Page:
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Last time we checked in on the in-app purchase class-action lawsuit against Apple, courts refused Apple’s request to throw out the case brought on by parents arguing the iOS freemium model, i.e. in-app purchases, allowed children to easily rack up hundreds or thousands of dollars. Today, Law360 (via GigaOM) reported Apple has agreed to pay a settlement and will be contacting 23 million iTunes users that “made a Game Currency purchase in one or more Qualified Apps.”
According to the report, Apple will pay $5 in iTunes credit to those who claim in-app content was purchased by a minor without their permission. For purchases above $30, users will be able to request a full refund. However, credits will likely not get to users until early 2014 when the settlement meets regulatory approval:
The settlement still must receive preliminary approval from a federal judge. If that occurs, which it typically does in class action cases, the notification period will begin and Apple will begin accepting claims. After the claims are in, a judge will approve the final settlement and Apple will begin making payments — this would likely occur late this year or in early 2014.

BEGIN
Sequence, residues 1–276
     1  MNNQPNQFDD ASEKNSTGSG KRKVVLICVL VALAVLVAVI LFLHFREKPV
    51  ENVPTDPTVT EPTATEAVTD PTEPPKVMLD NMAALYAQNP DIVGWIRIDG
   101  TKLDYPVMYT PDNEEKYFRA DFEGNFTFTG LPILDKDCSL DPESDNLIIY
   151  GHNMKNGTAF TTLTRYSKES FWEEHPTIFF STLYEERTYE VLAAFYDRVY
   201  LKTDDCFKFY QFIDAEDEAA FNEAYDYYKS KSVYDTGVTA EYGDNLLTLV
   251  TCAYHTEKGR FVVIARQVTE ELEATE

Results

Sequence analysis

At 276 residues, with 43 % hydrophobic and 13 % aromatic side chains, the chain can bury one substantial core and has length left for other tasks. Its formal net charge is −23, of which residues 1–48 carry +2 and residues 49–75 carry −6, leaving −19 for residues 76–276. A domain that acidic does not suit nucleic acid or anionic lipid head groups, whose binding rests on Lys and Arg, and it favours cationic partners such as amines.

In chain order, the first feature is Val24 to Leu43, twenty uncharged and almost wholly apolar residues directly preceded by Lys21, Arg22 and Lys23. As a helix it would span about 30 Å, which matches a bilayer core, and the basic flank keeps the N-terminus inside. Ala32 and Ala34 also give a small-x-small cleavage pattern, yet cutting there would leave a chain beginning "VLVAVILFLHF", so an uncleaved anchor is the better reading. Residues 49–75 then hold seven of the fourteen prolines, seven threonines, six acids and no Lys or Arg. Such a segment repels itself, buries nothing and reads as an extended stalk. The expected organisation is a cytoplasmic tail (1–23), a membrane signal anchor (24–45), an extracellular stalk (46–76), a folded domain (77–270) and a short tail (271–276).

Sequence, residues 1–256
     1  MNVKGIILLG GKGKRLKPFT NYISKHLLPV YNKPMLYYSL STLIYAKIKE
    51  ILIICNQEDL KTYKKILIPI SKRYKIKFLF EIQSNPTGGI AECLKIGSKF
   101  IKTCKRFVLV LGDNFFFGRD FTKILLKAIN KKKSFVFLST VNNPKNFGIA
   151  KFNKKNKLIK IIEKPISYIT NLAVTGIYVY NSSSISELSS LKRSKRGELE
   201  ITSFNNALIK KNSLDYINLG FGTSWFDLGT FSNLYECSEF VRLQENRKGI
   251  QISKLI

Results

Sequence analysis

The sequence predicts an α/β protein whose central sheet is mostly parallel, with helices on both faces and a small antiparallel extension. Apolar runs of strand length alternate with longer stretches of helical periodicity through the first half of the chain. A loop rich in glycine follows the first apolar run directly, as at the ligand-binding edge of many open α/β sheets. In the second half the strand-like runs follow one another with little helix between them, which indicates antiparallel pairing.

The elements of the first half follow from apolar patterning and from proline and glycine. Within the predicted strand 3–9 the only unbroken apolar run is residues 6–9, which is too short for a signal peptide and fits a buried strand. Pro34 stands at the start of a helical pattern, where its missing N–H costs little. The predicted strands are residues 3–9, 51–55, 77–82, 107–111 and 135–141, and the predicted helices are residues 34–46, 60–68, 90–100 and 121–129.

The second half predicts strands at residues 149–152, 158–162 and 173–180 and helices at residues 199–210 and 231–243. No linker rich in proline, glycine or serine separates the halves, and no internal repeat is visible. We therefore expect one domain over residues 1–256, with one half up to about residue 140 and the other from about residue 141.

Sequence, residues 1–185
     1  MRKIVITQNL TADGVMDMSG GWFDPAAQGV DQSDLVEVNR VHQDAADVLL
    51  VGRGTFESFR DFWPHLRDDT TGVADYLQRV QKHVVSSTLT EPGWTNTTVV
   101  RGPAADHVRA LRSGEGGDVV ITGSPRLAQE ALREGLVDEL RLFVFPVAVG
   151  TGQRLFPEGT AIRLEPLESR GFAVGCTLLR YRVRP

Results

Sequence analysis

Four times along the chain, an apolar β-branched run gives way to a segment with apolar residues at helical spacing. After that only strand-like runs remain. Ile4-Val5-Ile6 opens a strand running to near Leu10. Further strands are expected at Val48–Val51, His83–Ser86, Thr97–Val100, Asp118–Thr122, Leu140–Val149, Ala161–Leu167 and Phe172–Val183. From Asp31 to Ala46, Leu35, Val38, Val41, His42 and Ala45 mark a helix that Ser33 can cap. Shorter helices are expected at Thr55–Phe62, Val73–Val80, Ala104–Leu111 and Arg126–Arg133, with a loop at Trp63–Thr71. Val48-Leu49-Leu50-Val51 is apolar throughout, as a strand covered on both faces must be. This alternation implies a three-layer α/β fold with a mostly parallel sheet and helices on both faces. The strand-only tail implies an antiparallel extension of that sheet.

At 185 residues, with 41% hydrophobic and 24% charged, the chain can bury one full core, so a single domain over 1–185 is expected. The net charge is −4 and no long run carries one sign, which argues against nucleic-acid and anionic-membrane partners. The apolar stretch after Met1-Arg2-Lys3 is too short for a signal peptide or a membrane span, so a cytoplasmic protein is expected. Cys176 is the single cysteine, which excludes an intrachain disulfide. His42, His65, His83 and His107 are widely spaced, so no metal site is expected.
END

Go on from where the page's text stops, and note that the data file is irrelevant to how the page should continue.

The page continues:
The in-app purchasing case was the subject of the Daily Show segment above that features the game “Tap Fish”. Apple didn’t specify which apps, or specific iTunes account holders, would be eligible for the refund. Apps nowadays require a password before completing an in-app purchase, but iOS previously provided a 15-minute window after users entered their password, which subsequently allowed any in-app purchases within the time frame to complete without needing the password again.